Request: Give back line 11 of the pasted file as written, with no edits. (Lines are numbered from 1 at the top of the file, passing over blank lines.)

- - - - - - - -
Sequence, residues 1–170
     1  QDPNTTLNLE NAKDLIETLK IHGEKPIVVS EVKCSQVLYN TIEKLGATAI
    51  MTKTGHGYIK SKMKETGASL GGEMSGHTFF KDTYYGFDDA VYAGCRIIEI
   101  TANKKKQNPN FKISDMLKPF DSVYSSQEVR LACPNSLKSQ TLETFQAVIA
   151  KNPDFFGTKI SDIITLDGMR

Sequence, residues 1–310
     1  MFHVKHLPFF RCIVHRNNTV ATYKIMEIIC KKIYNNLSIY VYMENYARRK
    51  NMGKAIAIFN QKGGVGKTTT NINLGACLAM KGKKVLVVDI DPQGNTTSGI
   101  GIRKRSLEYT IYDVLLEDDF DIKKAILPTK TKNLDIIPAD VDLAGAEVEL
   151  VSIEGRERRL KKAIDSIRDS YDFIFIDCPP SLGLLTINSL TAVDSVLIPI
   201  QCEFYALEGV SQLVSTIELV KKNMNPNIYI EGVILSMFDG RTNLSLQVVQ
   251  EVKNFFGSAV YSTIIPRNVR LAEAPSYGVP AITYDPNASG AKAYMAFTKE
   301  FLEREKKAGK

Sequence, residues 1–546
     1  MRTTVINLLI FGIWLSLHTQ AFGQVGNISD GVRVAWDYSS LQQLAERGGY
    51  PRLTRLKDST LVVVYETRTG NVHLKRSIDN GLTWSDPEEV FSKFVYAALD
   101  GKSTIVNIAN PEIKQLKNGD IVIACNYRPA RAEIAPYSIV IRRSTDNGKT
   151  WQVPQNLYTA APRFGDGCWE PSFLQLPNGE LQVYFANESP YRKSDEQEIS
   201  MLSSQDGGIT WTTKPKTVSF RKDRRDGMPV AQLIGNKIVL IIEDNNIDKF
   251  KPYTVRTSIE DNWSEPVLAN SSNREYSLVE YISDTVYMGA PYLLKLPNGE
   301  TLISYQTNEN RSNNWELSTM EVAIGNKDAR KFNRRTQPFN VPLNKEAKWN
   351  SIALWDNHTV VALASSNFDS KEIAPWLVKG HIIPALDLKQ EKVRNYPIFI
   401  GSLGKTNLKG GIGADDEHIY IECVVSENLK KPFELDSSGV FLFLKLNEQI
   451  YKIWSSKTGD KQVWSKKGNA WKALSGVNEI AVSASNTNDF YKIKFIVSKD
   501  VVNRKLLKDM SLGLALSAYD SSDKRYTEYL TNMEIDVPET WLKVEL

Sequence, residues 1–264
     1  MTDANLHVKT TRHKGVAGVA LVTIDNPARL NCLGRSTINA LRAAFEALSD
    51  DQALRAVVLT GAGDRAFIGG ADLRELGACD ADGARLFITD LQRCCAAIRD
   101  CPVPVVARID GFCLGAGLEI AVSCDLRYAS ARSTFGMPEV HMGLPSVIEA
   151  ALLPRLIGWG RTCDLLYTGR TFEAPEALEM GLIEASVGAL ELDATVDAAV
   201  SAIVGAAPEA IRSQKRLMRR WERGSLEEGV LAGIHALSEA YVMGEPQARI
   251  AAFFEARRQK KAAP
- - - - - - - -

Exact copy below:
   201  QCEFYALEGV SQLVSTIELV KKNMNPNIYI EGVILSMFDG RTNLSLQVVQ